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May 7, 2020
Notes from the Pentagon

Milley on virus origin
Army Gen. Mark Milley, chairman of the Joint Chiefs of Staff, this week provided further details on efforts by the U.S. intelligence community to uncover the origin of the coronavirus now spreading around the world.

Gen. Milley said during a Pentagon briefing Monday that he would not discuss the intelligence regarding the virus that emerged in Wuhan, China, in December, but said there were “three fundamental issues here.”

“One is, is it natural or was it man-made somehow or somehow manipulated by man-made procedures?” the four-star general said. Nothing is conclusive, the chairman said, but the weight of evidence is that the virus is “natural and not man-made.”

But unknown is whether the virus was accidentally released from one of Wuhan’s laboratories that are engaged in extensive research into bat coronaviruses, like the one behind the pandemic.

“Did it release naturally into the environment, or was it intentional?” Gen. Milley asked. “We don’t have conclusive evidence on any of that, but the weight of evidence is that it was probably not intentional.”

A third issue is the location of the outbreak, which began in Wuhan and initially was blamed by Chinese authorities on tainted meat at a wild animal “wet” market in the city.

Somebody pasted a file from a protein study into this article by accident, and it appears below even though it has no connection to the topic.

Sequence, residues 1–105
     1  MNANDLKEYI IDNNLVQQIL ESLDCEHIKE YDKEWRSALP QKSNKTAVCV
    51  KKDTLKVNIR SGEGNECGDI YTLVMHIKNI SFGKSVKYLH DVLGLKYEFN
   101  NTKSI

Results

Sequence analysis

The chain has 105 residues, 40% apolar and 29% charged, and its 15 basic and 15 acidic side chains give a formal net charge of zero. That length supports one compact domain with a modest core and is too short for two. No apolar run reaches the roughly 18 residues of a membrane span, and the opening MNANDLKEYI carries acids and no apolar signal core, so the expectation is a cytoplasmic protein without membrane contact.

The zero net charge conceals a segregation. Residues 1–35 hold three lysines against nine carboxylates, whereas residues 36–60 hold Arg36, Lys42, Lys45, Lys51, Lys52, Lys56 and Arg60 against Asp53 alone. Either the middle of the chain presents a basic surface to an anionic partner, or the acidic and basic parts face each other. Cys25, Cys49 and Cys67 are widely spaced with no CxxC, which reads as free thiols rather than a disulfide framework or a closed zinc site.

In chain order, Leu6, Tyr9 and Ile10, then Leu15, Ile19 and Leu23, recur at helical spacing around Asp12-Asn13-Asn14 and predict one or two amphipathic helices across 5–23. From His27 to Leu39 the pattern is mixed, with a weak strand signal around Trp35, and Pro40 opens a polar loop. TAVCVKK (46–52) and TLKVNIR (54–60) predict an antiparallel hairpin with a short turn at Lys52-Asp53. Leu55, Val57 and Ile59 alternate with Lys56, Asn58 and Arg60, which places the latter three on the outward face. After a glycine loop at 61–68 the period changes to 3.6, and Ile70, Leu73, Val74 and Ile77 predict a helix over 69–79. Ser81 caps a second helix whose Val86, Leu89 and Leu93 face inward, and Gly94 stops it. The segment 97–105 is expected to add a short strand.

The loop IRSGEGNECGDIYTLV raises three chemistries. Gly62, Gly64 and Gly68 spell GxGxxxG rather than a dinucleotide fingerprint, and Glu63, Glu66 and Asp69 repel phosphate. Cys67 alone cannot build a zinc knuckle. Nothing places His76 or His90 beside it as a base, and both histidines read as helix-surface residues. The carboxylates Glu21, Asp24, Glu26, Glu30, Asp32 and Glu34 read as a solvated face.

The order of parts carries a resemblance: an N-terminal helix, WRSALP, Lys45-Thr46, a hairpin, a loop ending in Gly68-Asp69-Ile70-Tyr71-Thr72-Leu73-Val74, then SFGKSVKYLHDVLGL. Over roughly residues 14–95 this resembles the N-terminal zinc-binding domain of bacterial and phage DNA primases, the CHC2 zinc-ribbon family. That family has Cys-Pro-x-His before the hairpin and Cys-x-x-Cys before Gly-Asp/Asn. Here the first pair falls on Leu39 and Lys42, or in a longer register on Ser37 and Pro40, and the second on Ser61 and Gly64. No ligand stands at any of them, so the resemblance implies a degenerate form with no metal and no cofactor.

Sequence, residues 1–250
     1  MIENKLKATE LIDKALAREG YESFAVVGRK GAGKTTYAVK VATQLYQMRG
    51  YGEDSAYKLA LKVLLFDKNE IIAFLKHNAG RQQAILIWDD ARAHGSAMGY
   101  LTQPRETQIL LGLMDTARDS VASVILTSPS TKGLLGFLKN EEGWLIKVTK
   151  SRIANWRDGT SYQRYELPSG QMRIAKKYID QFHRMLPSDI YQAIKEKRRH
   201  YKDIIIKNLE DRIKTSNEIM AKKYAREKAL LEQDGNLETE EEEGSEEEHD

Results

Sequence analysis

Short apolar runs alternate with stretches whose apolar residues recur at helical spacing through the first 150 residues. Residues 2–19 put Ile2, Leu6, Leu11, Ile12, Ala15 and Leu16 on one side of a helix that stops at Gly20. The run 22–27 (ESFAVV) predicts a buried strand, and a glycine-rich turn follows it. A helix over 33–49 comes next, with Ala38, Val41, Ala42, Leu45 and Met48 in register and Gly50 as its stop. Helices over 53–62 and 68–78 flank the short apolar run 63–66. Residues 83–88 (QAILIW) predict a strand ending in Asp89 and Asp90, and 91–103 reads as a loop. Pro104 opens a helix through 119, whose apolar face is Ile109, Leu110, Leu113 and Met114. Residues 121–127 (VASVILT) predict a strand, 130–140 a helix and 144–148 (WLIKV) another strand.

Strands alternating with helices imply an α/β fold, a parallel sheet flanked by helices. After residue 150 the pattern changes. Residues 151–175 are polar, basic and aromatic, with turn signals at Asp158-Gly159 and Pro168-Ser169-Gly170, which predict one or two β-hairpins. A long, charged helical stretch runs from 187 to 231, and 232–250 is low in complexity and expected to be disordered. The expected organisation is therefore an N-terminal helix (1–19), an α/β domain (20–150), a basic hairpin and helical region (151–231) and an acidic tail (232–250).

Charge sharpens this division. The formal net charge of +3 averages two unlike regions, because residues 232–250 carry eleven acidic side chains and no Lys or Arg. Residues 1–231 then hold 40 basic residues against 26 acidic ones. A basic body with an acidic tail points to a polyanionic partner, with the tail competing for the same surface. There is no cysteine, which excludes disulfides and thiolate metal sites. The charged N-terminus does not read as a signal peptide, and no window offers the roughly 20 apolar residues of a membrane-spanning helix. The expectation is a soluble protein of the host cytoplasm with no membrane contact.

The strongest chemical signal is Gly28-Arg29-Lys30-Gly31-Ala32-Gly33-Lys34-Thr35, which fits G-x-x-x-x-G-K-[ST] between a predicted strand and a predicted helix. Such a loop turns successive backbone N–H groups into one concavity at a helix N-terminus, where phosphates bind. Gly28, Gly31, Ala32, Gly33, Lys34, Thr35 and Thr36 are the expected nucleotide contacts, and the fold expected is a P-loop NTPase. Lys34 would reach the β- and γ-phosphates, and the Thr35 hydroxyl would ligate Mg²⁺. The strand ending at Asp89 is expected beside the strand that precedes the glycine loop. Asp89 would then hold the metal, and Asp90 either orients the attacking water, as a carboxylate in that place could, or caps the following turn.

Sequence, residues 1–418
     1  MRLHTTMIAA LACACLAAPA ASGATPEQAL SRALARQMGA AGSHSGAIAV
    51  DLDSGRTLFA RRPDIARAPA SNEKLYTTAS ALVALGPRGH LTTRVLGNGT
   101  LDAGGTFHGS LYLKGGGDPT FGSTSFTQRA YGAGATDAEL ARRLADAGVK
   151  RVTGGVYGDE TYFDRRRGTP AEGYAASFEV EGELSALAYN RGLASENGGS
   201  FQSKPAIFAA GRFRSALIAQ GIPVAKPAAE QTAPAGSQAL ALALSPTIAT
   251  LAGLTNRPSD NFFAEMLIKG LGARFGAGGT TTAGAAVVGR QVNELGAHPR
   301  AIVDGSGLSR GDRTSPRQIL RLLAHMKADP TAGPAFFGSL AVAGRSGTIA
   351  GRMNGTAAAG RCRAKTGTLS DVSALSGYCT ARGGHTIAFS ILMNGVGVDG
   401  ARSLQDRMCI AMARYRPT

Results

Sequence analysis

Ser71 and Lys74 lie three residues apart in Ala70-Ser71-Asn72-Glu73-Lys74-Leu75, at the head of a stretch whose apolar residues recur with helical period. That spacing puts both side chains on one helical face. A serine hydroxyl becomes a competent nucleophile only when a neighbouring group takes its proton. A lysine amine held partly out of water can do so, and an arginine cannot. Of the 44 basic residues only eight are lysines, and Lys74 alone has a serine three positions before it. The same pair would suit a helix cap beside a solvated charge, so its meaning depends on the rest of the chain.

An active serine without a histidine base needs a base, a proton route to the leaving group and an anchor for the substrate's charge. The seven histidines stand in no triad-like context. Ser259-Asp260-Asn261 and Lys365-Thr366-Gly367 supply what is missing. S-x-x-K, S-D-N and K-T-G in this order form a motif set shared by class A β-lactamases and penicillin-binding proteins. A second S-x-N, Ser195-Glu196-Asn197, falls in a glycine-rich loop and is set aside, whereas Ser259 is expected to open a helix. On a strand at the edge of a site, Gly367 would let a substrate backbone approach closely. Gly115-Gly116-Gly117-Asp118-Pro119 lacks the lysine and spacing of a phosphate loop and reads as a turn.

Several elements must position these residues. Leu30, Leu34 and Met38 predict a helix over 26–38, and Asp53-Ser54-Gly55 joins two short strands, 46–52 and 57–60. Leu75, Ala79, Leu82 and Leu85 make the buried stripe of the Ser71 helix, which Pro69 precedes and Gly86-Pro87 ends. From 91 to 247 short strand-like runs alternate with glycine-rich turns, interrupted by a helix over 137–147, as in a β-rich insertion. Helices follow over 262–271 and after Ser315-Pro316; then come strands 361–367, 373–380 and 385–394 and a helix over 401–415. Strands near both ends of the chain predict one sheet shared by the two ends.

“Did it come out of the virology lab in Wuhan? Did it occur in the wet market there in Wuhan? Did it occur somewhere else? And the answer to that is we don’t know,” Gen. Milley said, noting that many people at civilian and U.S. government agencies are looking into the origin mystery.

“It would help a great deal if the Chinese government would open up and allow inspectors and investigators to go there in full transparency, so that the world can know the actual original source of this [and] so that we can apply the lessons learned and prevent outbreaks in the future,” Gen. Milley said.

China has refused to permit U.S. or international virus experts to visit Wuhan or gain access to research conducted at the Wuhan Institute of Virology or the Wuhan Centers for Disease Control.

Both laboratories have been engaged in extensive coronavirus research involving bats.

Secretary of State Mike Pompeo said Wednesday that Gen. Milley’s comments were “entirely consistent” with what he and President Trump have said.

“The intelligence community is still figuring out precisely where this virus began,” Mr. Pompeo said at the State Department. “We don’t have certainty, and there is significant evidence that this came from the laboratory.

“This is an ongoing challenge,” Mr. Pompeo added. “We still don’t have the samples that we need. We still don’t have the access. We collectively, the world, don’t have the samples. It’s not even just that in the moment [the Chinese] couldn’t do the right thing; they continue to be opaque, and they continue to deny access for this important information that our researchers, our epidemiologists need.”

The Chinese Communist Party knows where the outbreak began, including details of the first infected person, or “patient zero,” Mr. Pompeo said. “They’re the ones that can help unlock that.”

“It is pretty clear that at the front end of this the Chinese Communist Party misled the world,” Mr. Pompeo said.

Defense Secretary Mark Esper this week warned that China is continuing aggressive actions in the South China Sea.